Governance & Leadership
The disciplines of sound governance have been a long-standing practice of the Toigo Foundation.
The board and staff maintain openness for healthy discourse and come together quickly on matters of strategic priority to the organization. Toigo values its Board of Directors and its deliberate mix of viewpoints and experiences that present a picture of diversity across all constituent groups we serve. Together, they exchange, challenge and stretch their thinking around Toigo for the future.
Toigo’s annual financial statement reflects the greatest use of fund are focused on direct benefit of the leaders we serve.
During the 2018 fiscal year, the increase to Management & Administration reflects recognition of the importance to align financial management systems and community platforms to the current and planned growth of the organization. The investment and cost related migration of five years of financial data was an invaluable project repositioning financial operations for years ahead. Additionally, 2018 also marked the development and rollout an enhanced community platform to strengthen the connections among our global network and introduce unique features that scale our learning tools. The Foundation also allocated dollars in 2018 to digitize historical governance data for the board of directors, allowing each member to have secure, immediate access to important information to carry out fiduciary duties.
2018 Toigo Board of Directors
Sue Toigo | Fitzgibbon Toigo Associates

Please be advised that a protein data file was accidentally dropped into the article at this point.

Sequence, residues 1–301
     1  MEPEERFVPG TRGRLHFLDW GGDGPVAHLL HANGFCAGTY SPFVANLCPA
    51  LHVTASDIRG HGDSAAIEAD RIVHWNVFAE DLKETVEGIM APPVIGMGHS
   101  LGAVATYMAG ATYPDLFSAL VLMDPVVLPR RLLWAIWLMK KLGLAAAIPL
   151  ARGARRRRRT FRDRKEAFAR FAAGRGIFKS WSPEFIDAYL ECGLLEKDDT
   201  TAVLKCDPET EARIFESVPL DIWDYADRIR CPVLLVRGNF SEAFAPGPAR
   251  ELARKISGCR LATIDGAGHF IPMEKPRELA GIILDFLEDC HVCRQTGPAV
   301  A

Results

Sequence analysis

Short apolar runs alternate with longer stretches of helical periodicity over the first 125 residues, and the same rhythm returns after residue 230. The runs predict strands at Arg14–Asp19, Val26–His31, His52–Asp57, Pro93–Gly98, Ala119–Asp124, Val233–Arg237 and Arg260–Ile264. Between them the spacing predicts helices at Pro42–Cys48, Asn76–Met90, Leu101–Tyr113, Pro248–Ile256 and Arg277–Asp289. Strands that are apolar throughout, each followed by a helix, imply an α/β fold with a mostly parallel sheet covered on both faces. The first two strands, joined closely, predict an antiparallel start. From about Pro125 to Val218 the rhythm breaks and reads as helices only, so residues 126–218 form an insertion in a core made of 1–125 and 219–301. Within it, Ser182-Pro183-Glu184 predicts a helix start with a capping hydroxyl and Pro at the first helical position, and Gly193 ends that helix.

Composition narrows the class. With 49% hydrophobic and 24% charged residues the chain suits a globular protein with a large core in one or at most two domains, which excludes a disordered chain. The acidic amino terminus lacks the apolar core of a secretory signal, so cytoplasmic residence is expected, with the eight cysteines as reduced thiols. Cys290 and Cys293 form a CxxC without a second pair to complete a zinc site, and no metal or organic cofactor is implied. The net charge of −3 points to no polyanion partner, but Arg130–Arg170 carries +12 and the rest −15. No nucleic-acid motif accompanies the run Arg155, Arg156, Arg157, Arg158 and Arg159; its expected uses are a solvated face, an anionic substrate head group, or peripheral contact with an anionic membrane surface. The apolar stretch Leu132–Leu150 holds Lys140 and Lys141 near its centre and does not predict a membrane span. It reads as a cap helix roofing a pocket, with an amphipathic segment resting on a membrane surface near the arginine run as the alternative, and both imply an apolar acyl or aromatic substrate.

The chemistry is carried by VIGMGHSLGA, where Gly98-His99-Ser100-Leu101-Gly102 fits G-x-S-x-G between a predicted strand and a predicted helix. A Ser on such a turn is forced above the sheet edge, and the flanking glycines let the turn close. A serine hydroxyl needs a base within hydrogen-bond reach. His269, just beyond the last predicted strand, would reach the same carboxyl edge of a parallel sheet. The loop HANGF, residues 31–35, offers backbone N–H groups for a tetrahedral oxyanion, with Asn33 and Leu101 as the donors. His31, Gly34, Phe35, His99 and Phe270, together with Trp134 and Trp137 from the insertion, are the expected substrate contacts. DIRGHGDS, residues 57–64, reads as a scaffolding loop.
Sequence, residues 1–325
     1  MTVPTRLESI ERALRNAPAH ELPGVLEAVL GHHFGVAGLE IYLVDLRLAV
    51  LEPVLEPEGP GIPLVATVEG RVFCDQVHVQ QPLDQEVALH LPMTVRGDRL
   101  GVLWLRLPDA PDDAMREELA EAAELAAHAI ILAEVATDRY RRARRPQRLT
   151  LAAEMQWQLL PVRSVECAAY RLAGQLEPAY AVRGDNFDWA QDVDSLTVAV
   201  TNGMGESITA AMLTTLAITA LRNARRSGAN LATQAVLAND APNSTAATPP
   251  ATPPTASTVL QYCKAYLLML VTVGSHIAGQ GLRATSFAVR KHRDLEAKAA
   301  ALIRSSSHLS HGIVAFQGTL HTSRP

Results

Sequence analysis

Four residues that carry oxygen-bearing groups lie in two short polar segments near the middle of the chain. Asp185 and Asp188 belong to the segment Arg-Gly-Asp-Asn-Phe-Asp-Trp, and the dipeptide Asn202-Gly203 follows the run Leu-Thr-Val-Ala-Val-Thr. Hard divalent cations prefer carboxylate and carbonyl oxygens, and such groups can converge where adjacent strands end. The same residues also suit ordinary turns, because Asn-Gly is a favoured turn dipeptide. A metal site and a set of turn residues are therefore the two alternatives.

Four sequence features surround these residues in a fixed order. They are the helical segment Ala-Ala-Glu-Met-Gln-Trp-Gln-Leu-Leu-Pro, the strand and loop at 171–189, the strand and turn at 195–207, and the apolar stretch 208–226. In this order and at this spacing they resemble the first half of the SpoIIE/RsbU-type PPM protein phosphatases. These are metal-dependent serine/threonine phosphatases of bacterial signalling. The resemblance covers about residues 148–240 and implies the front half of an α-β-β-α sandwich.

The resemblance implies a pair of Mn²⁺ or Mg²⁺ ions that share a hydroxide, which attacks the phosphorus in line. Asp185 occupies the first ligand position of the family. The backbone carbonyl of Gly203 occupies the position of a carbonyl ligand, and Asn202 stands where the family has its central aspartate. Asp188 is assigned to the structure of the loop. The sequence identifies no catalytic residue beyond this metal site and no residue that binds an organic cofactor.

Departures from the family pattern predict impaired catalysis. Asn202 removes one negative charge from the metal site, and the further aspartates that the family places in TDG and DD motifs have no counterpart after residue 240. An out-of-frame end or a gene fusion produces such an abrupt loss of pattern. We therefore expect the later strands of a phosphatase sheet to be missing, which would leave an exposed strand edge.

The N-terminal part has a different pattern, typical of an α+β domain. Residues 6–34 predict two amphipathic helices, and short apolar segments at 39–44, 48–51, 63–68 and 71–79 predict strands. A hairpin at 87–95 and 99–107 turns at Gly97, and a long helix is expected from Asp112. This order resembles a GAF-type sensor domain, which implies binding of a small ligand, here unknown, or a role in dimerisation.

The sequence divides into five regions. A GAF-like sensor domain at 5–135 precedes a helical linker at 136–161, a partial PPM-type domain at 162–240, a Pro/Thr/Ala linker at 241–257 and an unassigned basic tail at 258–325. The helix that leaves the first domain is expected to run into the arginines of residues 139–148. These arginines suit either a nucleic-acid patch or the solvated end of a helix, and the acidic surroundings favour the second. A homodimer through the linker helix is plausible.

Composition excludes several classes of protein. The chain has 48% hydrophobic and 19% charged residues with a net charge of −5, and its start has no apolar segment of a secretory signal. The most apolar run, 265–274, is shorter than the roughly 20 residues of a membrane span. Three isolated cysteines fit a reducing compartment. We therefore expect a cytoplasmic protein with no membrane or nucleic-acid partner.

Chairman | Mark McCombe ǀ BlackRock
Co-Vice Chair | Jerry Albright | Teachers Retirement System of Texas
Co-Vice Chair | Denise Nappier ǀ Treasurer, State of Connecticut
Treasurer | Jay Ferguson ǀ Vicente Capital Partners
Secretary | Andrea Beldecos ǀ JP Morgan Chase
Chief Executive Officer | Nancy Sims ǀ Robert Toigo Foundation
Mark Anson | Commonfund
Sheri Bronstein | Bank of America
Mary Cahill | Rivington Capital, LLC
Ellen-Blair Chube | William Blair & Company
Jose E. Feliciano | Clearlake Capital Group, L.P.
Jose Fernandez | StepStone Group
David Hunt | PGIM The Global Investment Management Business of Prudential Inc.
Troy Jenkins | American Realty Advisors
Henry Jones | California Public Employees’ Retirement System
Katherine A. Lehman | Hilltop Private Capital, LLC
Victor MacFarlane | MacFarlane Partners
Barry Miller | Landmark Partners
Jose Minaya | Nuveen TIAA Investments
Anthony J. (Tony) de Nicola | Welsh, Carson, Anderson & Stowe
Janice Cook Roberts | Kohlberg Kravis Roberts & Co.
Jay Sammons | The Carlyle Group
Erik A. Scott | Palladium Equity Partners, LLC
Dhvani Shah | Illinois Municipal Employees Retirement Fund
Jonathan “Jack” Thayer | Exelon Business Services Co, LLC
Jim Williams | The J. Paul Getty Trust
Kelly Williams | GCM Grosvenor Private Markets
Joel Wittenberg | W.K. Kellogg Foundation
Paul R. Yett | Hamilton Lane Advisors
Christopher J. Ailman | California State Teachers’ Retirement System
Joe Alejandro | NYC Patrolmen’s Benevolent Association
Judy Chambers | Pension Consulting Alliance, Inc.
Alex Doñé | New York City Office of the Comptroller
David Fann | TorreyCove Capital Partners
Richard Ingram | Teachers’ Retirement System of the State of Illinois
Josh Kawaii-Bogue | California State Teachers’ Retirement System
Lisa Mazzocco | University of Southern California
Carlos Schonfeld | Capital International Research, Inc
Scott Stedman | The Yucaipa Companies
Scott Stringer | New York City Office of the Comptroller
Ash Williams | Florida State Board Administration
President & CEO
Nancy Sims | Robert Toigo Foundation